Mastering Pasta by Marc Vetri and David Joachim

March 15, 2015
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Mastering Pasta by Marc Vetri and David Joachim

As in most modern cookbooks, exquisite photographs of sensuous-looking food are sprinkled throughout Mastering Pasta (Ten Speed Press, 2015). Unlike many of the slick and pretty tomes on the market, however, Marc Vetri’s new cookbook infuses you with the confidence that you might actually be able to recreate those dishes.

Vetri recently started teaching at Drexel University, and the best of his professorial skills come across in this text, which was written with longtime co-author David Joachim. Far from didactic, the prose that starts each chapter leads you on an exploratory journey through the multi-layered world of pasta.

The first several chapters talk solely about technique, before latter chapters provide a plethora of distinct instructions for a huge variety of preparations that have already won acclaim at Vetri’s restaurants. Measurements are helpfully given in both Imperial units (more common) and metric weights (more precise).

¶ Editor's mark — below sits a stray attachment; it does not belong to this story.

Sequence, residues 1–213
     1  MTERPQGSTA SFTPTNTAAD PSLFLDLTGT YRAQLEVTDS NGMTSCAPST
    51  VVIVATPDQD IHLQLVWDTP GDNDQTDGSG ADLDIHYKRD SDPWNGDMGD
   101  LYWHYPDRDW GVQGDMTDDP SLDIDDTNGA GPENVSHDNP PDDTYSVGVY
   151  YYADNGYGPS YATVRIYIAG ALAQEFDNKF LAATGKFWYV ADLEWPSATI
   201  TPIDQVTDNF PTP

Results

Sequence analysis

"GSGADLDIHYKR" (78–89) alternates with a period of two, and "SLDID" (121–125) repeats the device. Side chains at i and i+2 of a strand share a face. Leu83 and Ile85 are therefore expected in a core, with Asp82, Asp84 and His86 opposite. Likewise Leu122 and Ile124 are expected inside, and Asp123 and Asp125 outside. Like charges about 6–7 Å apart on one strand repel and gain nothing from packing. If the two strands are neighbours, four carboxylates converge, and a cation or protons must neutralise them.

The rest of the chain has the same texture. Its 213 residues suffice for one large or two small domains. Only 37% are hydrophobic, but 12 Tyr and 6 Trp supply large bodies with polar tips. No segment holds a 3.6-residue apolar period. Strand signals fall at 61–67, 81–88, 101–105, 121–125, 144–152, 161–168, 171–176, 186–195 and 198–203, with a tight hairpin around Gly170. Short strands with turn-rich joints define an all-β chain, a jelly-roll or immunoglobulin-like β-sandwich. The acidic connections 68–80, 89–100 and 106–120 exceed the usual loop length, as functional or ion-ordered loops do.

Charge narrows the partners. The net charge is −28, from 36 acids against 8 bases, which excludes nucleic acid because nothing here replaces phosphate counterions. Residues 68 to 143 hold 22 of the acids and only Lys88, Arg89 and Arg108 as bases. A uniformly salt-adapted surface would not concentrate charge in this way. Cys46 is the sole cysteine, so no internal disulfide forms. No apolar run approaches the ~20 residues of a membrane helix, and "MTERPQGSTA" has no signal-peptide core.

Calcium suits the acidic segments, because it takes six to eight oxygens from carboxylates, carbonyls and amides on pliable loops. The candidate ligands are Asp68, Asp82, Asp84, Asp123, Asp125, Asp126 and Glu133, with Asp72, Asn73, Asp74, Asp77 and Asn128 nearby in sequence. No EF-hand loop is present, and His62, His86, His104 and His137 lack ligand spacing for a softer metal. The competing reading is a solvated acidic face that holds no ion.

In creating the backstory for these dishes, tradition is given equal weight to science. During his research for the book, Vetri learned as much from watching the weathered hands of cooks in Italy twist up no-recipe dough as he did from the laboratories at the Washington State University, where he traveled to understand the differences between ancient and modern wheats (and their attendant relationship to gluten sensitivity). He also enlisted Nathan Myhrvold, the technology-minded wizard behind Modernist Cuisine, to test the molecular structures that make dried pastas different from one another.

The book leaves you suspended between a world of dogma—certain types of noodles go with certain sauces, just because—and willingness to flout the rules (seafood and cheese is one of Vetri’s favorite combinations). And that’s how it should be, because in the end, there is no concrete answer. If life is a combination of magic and pasta, the converse is also true: pasta is a combination of magic and life.
—D. Henninger

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